# How many nines is my storage system?

Are you a software engineer who misses math? Good news! You’re going to see some fractions and even characters like *λ* and *μ*. We’re going to learn how to estimate the durability guarantees of a storage system. You’ll be able to say things like “we have 9 nines of durability” with a somewhat-straight face.

This post applies equally well to object storage systems or databases or any situation where you store data in multiple places for redundancy.

There’s going to be a plot twist at the end. Fun times.

*This post is based on a chapter I wrote for the book **Seeking SRE**.*

# The math

Back in 2013 I was helping design a block storage system to store a few exabytes of data and was trying to figure out how many disks to replicate data on. This may seem like a pretty obvious question but in the real world most people just make an educated guess and move on. I have certainly been guilty when working on databases of just assuming that three replicas sounds like enough and leaving it at that.

This time we’re going to use math.

For the sake of this exercise pretend we have a storage system that stores a copy of each file on a bunch of disks. In practice at Dropbox we use various fancy erasure coding schemes for storage efficiency, but the logic is the same.

Assume that each disk has a given mean time to failure (MTTF) and that we build some automated systems to to replace and re-replicate a failed disk within a given mean time to recovery (MTTR), measured in hours. We’ll represent these as failure and recovery rates of *λ=(1/MTTF)* and *μ=(1/MTTR)* respectively. This means that each disk fails at an average rate of *λ* failures per hour and each individual disk failure is replaced at an average rate of *μ* recoveries per hour.

Let’s say we store each file on *n* disks and that we lose data if we lose more than *m* disks, e.g., for synchronous 3-way replication we have *n=3* and* m=2* because we can survive losing 2 disks. If we were using Reed-Solomon erasure coding to convert 6 input blocks to 9 output blocks (RS*(9,6)*) then we have *n=9* and *m=3* because we can reconstruct all input blocks from any six output blocks.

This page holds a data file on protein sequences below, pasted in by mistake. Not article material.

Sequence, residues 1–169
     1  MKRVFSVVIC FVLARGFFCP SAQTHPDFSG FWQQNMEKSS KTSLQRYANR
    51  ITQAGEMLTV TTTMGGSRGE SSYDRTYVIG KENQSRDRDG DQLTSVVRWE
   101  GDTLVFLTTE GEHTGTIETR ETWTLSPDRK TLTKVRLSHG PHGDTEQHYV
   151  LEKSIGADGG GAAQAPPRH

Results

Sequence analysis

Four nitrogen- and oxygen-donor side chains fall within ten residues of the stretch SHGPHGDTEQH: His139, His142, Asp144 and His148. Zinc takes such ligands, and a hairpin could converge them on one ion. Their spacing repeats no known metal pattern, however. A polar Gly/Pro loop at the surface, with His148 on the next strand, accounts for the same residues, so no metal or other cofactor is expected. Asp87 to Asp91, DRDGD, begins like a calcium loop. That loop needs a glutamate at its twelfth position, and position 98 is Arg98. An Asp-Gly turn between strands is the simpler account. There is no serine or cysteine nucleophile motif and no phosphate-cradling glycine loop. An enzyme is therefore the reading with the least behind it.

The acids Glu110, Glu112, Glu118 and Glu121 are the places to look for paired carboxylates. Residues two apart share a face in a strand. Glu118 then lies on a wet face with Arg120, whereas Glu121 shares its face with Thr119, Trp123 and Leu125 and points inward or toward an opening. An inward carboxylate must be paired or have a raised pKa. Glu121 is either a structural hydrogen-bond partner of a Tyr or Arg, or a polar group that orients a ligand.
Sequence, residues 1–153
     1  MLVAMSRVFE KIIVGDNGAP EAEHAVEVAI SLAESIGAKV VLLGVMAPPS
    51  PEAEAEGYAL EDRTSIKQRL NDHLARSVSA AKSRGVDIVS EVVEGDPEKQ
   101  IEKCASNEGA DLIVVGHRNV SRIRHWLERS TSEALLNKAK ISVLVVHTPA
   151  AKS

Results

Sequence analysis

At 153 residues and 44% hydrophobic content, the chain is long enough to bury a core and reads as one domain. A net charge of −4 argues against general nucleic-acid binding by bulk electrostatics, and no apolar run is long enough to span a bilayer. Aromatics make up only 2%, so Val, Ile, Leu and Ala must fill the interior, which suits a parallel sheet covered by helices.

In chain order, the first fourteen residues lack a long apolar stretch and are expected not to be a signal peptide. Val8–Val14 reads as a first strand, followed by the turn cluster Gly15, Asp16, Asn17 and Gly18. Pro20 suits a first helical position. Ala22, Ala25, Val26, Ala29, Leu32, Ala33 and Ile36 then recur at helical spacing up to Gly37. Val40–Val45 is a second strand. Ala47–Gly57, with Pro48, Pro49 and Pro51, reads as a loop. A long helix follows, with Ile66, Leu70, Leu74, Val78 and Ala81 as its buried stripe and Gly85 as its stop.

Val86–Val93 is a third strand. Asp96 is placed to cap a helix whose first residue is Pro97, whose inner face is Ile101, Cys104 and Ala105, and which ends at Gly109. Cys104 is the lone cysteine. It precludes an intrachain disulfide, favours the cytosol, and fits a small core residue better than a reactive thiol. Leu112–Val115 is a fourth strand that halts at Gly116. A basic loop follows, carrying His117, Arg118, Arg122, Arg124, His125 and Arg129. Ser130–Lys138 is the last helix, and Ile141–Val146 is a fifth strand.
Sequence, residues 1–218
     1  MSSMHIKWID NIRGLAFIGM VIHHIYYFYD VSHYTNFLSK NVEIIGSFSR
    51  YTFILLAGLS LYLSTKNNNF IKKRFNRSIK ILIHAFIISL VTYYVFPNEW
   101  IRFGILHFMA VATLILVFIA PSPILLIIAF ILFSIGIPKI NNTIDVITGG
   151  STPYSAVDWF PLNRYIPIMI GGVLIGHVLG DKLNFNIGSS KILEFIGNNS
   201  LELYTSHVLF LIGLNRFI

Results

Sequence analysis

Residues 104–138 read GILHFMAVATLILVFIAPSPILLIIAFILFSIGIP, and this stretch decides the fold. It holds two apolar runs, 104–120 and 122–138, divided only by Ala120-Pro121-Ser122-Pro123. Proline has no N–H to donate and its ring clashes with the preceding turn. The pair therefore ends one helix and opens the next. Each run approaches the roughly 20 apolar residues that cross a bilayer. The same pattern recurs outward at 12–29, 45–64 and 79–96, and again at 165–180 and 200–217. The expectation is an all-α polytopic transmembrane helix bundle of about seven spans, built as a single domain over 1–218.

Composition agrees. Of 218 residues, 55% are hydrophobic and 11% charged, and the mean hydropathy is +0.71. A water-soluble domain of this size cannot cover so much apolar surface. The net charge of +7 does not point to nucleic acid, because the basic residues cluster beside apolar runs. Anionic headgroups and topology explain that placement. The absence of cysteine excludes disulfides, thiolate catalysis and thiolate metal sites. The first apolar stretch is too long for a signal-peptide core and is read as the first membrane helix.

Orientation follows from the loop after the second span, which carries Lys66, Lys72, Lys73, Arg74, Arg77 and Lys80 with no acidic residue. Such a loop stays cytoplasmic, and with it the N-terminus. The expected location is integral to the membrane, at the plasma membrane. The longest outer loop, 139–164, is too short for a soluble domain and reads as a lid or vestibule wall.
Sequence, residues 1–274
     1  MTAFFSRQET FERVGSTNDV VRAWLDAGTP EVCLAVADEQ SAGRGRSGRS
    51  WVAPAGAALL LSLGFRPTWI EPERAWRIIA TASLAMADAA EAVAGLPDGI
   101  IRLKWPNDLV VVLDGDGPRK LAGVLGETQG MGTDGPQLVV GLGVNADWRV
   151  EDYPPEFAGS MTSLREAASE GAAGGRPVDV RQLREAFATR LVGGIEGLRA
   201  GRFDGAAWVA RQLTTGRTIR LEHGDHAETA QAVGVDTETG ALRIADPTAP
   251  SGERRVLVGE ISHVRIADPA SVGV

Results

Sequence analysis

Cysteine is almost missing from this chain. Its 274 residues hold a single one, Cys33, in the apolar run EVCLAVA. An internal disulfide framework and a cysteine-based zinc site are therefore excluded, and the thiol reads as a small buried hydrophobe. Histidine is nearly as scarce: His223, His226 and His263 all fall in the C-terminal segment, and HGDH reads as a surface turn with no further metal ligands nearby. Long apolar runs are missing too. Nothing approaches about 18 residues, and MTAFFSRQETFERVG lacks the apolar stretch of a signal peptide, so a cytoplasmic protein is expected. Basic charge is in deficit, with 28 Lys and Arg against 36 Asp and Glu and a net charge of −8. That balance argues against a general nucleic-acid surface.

You can think of disks failing within a replication group as a state machine, where each state represents the number of disks we have left in the group and the transitions between states represents a disk failing or a disk being recovered. The standard technique for estimating the probabilities of moving through this state machine is a Markov chain:

In this model the flow from the first to second state is equal to *nλ* because there are *n* disks that each fail at a rate of *λ* failures/hour. The flow from the second state back to the first is equal to *1μ* because we have only one failed disk, which is recovered at a rate of *μ* recoveries/hour. The other transitions in the model follow the same convention.

In this model we lose a file if we move from the second-last state to the data loss state. The data loss rate in “replication groups per hour” is equivalent to the rate of flow along this transition, which can be computed as:

*loss rate = nλ × (n-1)λ/μ × … × (n-m)λ/mμ = n!/m!(n-m-1!) × λᵐ⁺¹/μᵐ*

Damn, that’s kinda hard to read. Here it is as an image:

Bam! Looks like we have a formula for durability.

# The numbers